There is an old saying that goes “if you have two quality quarterbacks, then you have none.” Although this saying is usually predicated towards starters, it still has meaning when you look at the Philadelphia Eagles backup quarterback situation. Last year, they begin training camp with all eyes on who would be under center week one against the Redskins, but this year is a much different situation. Nick Foles has already cemented himself as the starter, and with Michael Vick wearing a New York Jets jersey, head coach Chip Kelly must find a replacement clipboard-holder for this season. The two likely candidates are very familiar to Kelly. Mark Sanchez and Matt Barkley, who both played for USC, are competing for a menial, yet crucial position for the Eagles this season. The two are very familiar with Kelly, as they both played against Kelly during his tenure at Oregon in the rugged Pac-12 (formerly the Pac-10) conference.
The second-year head coach has developed a marked propensity for signing former Pac-12 opponents and Oregon players, as 15 players on his current roster played against Kelly at some point in their college careers. Appropriately, eight of these players played for Kelly during his tenure at Oregon. He may have a slight case of homerism, but no one knows the above-mentioned better than the man who coached for them and against them.
Both candidates have game experience, yet neither’s pedigrees will drop any jaws. Sanchez spent the entire 2013 season on the sidelines, after suffering a shoulder injury in the preseason. This took place after his debacle of a 2012 season, where he broke a SportsCenter record for the most weeks on the top of the “not top ten” list for his fumble after running into his own teammate.
As of now, both players are breathing down each other’s backs in this tight race. Sanchez is getting more reps, but both have similar numbers in the categories of completions and touchdowns.
Barkley saw a total of three games in 2013, including two extended appearances against the Cowboys and Giants. He finished the year completing 30 of 49 passes for 300 yards, four interceptions and a lost fumble. The numbers aren’t impressive, but they also don’t paint a very vivid picture, considering the rookie was thrown into a tough spot with having taken few first team reps in practice. Due to this predicament, it is hard to analyze what Barkley will become since his numbers are microscopic when looking at a proper sample size for quarterback efficiency metrics.
Sanchez, on the other hand, did not see one snap in 2013. His last action was in 2012 where he started every game, completing 246 of 453 passes for 2,883 yards with 13 touchdowns and 18 interceptions. He doesn’t have a very comforting touchdown-to-interception ratio or completion percentage, but he has played in a ton more games than Barkley. He may have an alarming 69 interceptions and 43 career fumbles, but he is the better option here, not by merits, but by experience alone.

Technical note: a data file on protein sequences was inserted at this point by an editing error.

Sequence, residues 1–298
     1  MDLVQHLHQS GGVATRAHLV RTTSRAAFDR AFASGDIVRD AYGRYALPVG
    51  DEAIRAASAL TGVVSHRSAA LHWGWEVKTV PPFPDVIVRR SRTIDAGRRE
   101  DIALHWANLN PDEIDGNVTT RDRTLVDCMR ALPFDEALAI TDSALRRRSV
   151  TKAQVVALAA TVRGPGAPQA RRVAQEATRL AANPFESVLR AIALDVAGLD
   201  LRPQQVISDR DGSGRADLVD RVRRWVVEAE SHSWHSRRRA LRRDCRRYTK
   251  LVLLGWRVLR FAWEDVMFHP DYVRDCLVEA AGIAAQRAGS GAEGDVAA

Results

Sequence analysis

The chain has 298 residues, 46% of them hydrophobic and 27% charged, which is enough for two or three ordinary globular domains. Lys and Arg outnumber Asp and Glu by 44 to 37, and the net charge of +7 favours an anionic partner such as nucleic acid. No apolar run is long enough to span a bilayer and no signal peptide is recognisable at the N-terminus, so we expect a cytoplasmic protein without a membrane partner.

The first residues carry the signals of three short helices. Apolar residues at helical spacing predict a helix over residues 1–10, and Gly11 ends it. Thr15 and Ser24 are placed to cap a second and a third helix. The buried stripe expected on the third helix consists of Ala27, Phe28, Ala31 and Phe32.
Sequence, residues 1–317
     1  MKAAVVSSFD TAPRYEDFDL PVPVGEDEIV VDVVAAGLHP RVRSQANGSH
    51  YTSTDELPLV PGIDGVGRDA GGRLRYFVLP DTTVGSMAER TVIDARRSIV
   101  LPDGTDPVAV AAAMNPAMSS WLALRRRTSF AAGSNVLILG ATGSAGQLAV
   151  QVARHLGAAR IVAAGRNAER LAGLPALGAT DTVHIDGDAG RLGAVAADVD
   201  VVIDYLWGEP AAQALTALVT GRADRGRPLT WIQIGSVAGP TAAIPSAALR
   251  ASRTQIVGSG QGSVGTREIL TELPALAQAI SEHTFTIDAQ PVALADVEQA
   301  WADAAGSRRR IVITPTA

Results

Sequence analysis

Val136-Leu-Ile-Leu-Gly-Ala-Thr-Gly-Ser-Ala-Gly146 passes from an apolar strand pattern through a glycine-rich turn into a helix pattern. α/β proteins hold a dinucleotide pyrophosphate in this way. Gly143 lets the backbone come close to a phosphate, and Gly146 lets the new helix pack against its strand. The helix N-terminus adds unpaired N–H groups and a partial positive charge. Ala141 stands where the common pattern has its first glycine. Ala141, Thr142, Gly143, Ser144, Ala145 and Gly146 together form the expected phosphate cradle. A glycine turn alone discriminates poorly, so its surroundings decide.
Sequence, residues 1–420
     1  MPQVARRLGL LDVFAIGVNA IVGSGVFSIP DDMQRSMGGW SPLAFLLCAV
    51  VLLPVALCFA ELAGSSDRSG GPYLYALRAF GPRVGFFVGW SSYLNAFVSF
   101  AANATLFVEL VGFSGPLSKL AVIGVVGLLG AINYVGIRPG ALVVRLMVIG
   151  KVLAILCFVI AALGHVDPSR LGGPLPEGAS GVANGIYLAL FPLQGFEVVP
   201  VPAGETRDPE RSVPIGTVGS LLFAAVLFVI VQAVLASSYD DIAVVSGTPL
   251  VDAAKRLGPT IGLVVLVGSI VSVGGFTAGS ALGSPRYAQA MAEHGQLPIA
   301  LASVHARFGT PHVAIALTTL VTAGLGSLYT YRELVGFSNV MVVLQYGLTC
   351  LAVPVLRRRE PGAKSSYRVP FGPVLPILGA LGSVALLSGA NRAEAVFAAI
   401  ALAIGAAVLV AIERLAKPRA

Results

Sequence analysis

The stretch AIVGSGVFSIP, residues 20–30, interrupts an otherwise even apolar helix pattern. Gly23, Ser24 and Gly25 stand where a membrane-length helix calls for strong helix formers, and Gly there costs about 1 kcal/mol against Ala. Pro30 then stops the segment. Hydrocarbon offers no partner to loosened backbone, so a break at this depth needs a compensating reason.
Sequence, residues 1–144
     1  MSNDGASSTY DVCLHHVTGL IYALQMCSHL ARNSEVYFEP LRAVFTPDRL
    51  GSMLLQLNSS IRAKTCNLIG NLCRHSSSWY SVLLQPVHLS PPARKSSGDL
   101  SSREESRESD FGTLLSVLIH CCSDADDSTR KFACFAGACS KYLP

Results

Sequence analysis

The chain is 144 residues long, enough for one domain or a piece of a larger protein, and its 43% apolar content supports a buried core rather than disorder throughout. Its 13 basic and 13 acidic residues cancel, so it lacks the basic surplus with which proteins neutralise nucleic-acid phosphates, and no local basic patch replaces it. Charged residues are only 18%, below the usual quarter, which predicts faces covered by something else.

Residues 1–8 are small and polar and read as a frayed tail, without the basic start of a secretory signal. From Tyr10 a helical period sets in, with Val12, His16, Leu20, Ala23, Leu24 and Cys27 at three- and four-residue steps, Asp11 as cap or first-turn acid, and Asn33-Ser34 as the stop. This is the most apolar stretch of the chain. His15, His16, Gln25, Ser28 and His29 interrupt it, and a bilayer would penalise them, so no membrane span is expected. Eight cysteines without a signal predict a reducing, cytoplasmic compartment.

Certainly the preseason, which begins tonight for the Birds, could change my outlook on things, but Barkley would have to seize the backup job for me to feel that way.
Foles is at full health, but is still one awkward joint movement (God, forbid) away from Sanchez or Barkely stepping in. Sanchez is more than likely the ideal candidate to back him up. He was signed in the offseason for a reason, and it is senseless to pay someone four million dollars to sit on a bench and twiddle his thumbs. Should Barkley be given the backup job, it’s unlikely that the Eagles would do that. They’d most likely cut ties with Sanchez, and make former Arena Leaguer G.J. Kinne the third-stringer. But they did pay him four million dollars to come here, so the backup job is certainly his to lose.
Barkley, a fourth round pick in 2012, is unlikely to see the field much again in 2014, and if he does, it will be in an injury-riddled situation similar to the one that saw him struggle in the middle of last season. You simply cannot send in a fresh-off-the boat soldier onto a battlefield as rancid as the NFC playoff picture.
If Sanchez does it fact relieve Foles at any point in the season, he won’t have as much pressure since he has arguably the best running back in the league standing behind him. This is an amenity that Sanchez never truly played with in his career. LeSean McCoy, and a receiving core that “The Sanchize” could only dream about in New York, may be the life preserver that prevents his career from sinking.
Sanchez may never be a star quarterback, but in a passing league, it is always safe to have a reliable and experienced backup. There is no such thing as a quality backup. If a backup quarterback does indeed have the requisite ability and skillset, he would be starting. Franchise quarterbacks have the highest demand and lowest supply among any position in sports. If a backup quarterback shows any scruple of potential, another team will look to acquire him. The only major requirement for a quality backup signal-caller is experience, and this isn’t based off of how many years you have on your belt. A good backup has a “been there, done that” mentality. Sanchez played in his fair share of big games with the Jets, and he knows how this league operates, and can help younger players translate to that environment.
Sanchez, for now, knows his role on this team, and with his eagerness to revitalize his career, he will be more than capable to step in and relieve Foles if the opportunity presents itself.